The Parent -Teacher Dynamic

You are your child’s first example of a teacher and that means you need to model the type of behavior that will set the best example. When I connect with parents, some of them tell me, “I do not think that the teacher likes my child” and that they believe there is unfair treatment going on in the classroom.

Put your focus back on your child

It is important that your child feels supported and that begins with a daily check- in.  Implementing a ten-minute check-in after school can be informative. The discussion does not have to focus entirely on school, maybe talk about a topic that is of interest to them and allow them to find new ways to celebrate positive accomplishments.  This casual conversation invites your child to speak about things that are on their mind and gauge if what you are feeling about the teacher is realistic or even something they notice. “If a teacher has to worry about being defensive it can distract from dealing with the issues of the child. When the teacher looks at the child, we only want the teacher to think about the child and not the issue they are facing with a parent, Gary Direnfeld MSW, RSW a Social Worker in private practice, and advocate for the well-being of children and families-explains.


Consider whether you are being objective about these concerns by asking yourself the following questions: How did I come to this conclusion? What am I most concerned about? What would I like to see happen? Who else can I talk to about this concern?

Develop A Positive Relationship

It is important for a parent to develop a positive relationship with their child’s teacher and if there is reason to be concerned – you want to reach out to the teacher when your emotions are not at its peak. Write down what you want to say and try to steer the conversation away from assumptions, spiteful comments and most of all aggression.  Do not allow your children to overhear you speaking negatively about their teacher this will only cause a greater rift in their relationship – if there is one – and may lead to confusion.

Setting Up A Meeting

Send the teacher a note requesting a meeting and use this time to get to know them. This requires that you have an open mind, in fact, you might be surprised about what you uncover. Go prepared; you should rehearse some possible topics of discussion. Talk about possible activities or subject areas that your child might be struggling with, along with activities that best suit their learning styles.  You can also spend some time talking about your child`s personality type and their hobbies as this is an area where you both have a vested interest.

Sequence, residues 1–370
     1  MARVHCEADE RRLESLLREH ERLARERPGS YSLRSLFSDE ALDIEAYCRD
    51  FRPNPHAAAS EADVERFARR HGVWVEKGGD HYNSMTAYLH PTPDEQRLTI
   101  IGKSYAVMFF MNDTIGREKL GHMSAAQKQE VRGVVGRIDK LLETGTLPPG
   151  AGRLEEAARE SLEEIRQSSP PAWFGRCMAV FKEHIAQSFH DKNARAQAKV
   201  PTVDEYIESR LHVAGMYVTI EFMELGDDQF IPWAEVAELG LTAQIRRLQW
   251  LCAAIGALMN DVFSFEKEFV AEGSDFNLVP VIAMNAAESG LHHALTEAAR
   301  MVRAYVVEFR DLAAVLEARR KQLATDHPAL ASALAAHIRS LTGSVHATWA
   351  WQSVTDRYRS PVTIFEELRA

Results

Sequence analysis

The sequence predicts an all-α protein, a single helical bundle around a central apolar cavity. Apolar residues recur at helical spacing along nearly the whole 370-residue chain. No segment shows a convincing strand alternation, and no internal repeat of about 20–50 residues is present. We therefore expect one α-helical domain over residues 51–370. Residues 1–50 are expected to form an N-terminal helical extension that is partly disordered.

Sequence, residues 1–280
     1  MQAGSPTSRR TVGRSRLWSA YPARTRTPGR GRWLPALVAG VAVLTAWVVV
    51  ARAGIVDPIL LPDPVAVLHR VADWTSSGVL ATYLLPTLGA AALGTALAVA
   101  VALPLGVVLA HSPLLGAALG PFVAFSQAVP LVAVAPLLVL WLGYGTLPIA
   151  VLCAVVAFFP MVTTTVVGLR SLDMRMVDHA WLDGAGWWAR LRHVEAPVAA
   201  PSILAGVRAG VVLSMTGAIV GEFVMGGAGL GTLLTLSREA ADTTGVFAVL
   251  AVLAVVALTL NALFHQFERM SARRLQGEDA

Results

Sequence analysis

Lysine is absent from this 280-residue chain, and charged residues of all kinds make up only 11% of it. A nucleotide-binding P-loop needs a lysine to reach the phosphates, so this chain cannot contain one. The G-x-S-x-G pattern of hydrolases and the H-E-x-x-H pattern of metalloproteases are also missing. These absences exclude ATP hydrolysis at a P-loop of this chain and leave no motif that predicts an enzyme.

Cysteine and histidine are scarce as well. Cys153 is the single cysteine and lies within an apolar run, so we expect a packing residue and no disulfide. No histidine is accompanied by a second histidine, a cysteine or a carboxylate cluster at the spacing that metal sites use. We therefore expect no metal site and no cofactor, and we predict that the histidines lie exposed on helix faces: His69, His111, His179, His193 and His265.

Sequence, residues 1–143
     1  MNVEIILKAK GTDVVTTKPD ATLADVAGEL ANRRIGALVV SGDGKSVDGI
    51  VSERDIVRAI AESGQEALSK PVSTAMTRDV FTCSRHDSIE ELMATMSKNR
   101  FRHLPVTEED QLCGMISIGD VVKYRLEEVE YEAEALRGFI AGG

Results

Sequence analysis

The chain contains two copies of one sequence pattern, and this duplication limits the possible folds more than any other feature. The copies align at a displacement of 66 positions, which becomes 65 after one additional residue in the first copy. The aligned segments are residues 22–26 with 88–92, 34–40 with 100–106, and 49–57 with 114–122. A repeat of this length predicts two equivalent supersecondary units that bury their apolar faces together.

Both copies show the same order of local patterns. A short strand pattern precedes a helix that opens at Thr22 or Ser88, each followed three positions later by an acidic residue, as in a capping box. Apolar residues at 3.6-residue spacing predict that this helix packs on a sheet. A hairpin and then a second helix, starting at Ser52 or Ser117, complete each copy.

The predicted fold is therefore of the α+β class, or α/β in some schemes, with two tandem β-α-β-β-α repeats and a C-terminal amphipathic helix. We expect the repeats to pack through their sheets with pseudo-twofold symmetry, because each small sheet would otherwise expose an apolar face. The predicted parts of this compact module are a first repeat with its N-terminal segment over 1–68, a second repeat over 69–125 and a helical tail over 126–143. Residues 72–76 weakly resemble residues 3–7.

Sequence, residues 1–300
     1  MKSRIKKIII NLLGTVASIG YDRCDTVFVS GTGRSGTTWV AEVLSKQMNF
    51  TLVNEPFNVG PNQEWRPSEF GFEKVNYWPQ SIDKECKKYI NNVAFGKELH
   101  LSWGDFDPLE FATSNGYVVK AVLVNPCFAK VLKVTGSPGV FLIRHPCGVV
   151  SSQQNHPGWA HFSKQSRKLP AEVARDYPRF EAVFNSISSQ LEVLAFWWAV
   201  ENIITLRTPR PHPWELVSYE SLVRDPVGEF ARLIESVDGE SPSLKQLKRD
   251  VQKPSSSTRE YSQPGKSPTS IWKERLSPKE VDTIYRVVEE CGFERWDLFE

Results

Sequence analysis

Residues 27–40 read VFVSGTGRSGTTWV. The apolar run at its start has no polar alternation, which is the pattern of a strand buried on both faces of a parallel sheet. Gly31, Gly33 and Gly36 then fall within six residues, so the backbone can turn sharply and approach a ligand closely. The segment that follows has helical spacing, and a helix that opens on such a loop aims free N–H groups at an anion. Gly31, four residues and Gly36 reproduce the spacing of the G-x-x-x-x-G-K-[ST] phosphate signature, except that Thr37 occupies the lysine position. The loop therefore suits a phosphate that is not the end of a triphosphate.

Stay Open-Minded

“Have some empathy for teachers they are dealing with many more children in the classroom, children whom represent a diversity of cultures and a diversity of learning needs,” Gary Direnfeld MSW, RSW -says. So, when they flag an issue one has to go towards it with the sense that the teacher is not out to hurt my child, we are aligned our interests are the same, we want a good outcome for this young student. The degree to which the parent can approach the teacher with that frame of reference, will help the teacher maintain an open mind towards us.”

Allow for enough time for feedback from your child`s teacher.  If you decide to bring up your concern, they might be very surprised about your assessment. As a supportive parent, this is a great time for the two of you to bridge the gap. Even if you still sense some animosity, this is your chance to say, “let’s start over, I want to make sure my child has the best learning experience possible and it is important we work together to make it happen.” We all have personality types that we get along better with, so do not allow that to stand in the way of your child’s progress.

Cooperation is Key

Working together with your child’s teacher is one of the greatest gifts you can provide to your child and one that most teachers welcome when communicated clearly. Try not to take interactions with your child’s teacher personally, it might have very little to do with you. Instead, try and remain focused on issues that have to do with your child. Don’t feel like you must do it alone, bring a partner, friend or even a professional to the meeting. They might provide you with an objective glance. Whatever the situation, try to seek the help you need and make use of all the resources available to you at your child’s school – even if that means speaking with the principal or guidance counselor. Remember, the goal is to make sure you, the teacher and your child are working together for a successful school year.

 Carole Sandy is a couple and family therapist who helps families and individuals resolve personal issues.  She supports families and individuals by helping them create healthy relationships, healthy work-life balances while offering hope in the face of difficult circumstances.

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